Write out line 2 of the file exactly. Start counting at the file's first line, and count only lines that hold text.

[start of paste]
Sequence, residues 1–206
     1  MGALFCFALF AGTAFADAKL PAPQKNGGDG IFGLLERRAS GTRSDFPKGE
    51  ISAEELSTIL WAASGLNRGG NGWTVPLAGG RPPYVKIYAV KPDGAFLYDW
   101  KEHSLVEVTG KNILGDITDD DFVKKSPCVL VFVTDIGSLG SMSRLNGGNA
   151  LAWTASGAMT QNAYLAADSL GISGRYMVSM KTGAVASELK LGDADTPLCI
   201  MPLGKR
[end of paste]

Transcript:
     1  MGALFCFALF AGTAFADAKL PAPQKNGGDG IFGLLERRAS GTRSDFPKGE